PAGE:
Joe Paterno, the longtime Penn State football coach who won more Division I NCAA games than any other coach, died Sunday at the age of 85.
Paterno's family released a statement Sunday morning announcing his death.
"He died as he lived," the statement said. "He fought hard until the end, stayed positive, thought only of others and constantly reminded everyone of how blessed his life had been. His ambitions were far reaching, but he never believed he had to leave this Happy Valley to achieve them. He was a man devoted to his family, his university, his players and his community."
Former President George W. Bush also extended condolences to the family of the legendary coach.
"He was an outstanding American who was respected not only on the field of play but in life generally," President Bush said, "and he was, without a doubt, a true icon in the world of sports. I was proud that he was a friend of mine."
On Nov. 18, Paterno's son Scott said his father was being treated for lung cancer, which had been diagnosed during a follow-up for a bronchial illness. A few weeks later, Paterno fell and broke his pelvis.
Paterno, known as "JoePa," won 409 games and took the Nittany Lions to 37 bowl games and two national championships while going undefeated in five different seasons. Of the players he coached, more than 250 went on to the NFL
After the Florida Gators beat Penn State 37-24 in the 2011 Outback Bowl, the Ohio State coach offered some insight of his own.
"He will go down as the greatest football coach in the history of the game," Urban Meyer said.
Paterno was with Penn State for 61 years and served as head football coach for 46 seasons. Most would agree his final days with the university were his toughest.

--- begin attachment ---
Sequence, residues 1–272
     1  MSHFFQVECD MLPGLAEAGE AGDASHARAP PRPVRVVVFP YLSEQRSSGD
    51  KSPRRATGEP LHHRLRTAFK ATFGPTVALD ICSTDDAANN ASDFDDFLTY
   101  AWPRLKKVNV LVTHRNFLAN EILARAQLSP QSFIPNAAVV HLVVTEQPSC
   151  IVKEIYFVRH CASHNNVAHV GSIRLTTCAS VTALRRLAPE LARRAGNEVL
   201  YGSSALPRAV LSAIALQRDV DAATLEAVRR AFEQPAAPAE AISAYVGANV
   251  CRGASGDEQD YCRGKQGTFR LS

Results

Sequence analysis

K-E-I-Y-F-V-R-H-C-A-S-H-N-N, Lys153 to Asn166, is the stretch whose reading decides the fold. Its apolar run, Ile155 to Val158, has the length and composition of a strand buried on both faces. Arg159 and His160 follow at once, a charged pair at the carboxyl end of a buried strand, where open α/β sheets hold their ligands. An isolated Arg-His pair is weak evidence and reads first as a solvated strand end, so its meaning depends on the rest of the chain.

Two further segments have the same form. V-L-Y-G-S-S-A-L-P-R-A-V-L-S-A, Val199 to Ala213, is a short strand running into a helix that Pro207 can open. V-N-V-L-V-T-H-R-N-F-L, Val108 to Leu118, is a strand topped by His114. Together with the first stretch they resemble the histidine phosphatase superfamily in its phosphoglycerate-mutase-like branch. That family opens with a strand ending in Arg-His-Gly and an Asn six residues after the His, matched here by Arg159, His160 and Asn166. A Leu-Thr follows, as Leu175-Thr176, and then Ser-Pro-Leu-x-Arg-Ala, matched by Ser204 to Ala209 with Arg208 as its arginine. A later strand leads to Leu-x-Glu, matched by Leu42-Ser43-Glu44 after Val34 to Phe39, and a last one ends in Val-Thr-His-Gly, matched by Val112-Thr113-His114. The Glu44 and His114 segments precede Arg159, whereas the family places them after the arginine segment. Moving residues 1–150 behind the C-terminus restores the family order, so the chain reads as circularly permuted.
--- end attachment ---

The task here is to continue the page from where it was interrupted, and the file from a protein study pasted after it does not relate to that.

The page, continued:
In early November last year, the coach was engrossed by a scandal when Former Defensive Coordinator Jerry Sandusky was charged with sexually assaulting 10 boys over 15 years. Two university officials stepped down after they were charged with perjury following a grand jury investigation of Sandusky. But attention quickly shifted to the alleged rape that took place in a shower in the football building, witnessed by Mike McQueary, who was a graduate assistant at the time.
McQueary testified that he had seen Sandusky attacking the child and then told Paterno, who waited a day before alerting school authorities. Police were never called and the state's top cop later said Paterno failed to execute his moral responsibility by not contacting police.
"You know, (McQueary) didn't want to get specific," Paterno said. "And to be frank with you, I don't know that it would have done any good because I never heard of, of, rape and a man. So, I just did what I thought was best. I talked to people that I thought would be, if there was a problem, that would be following up on it."
The morning of Nov. 9, Paterno announced he would retire following the 2011 season, and added he was "absolutely devastated" by the case.
"This is a tragedy," he said. "It is one of the great sorrows of my life. With the benefit of hindsight, I wish I had done more."
Paterno was fired via a telephone call that night during the university trustees emergency meeting, along with University President Graham Spanier, who was one of the longest-running university presidents in the country.
Even after the scandal, the downtown College Avenue was covered with Joe Paterno merchandise, representing the thousands of students and fans who still supported him.
The Paterno family statement asked in lieu of flowers or gifts that donations be made to the Special Olympics of Pennsylvania or the Penn State-THON (The Penn State IFC/Panhellenic Dance Marathon).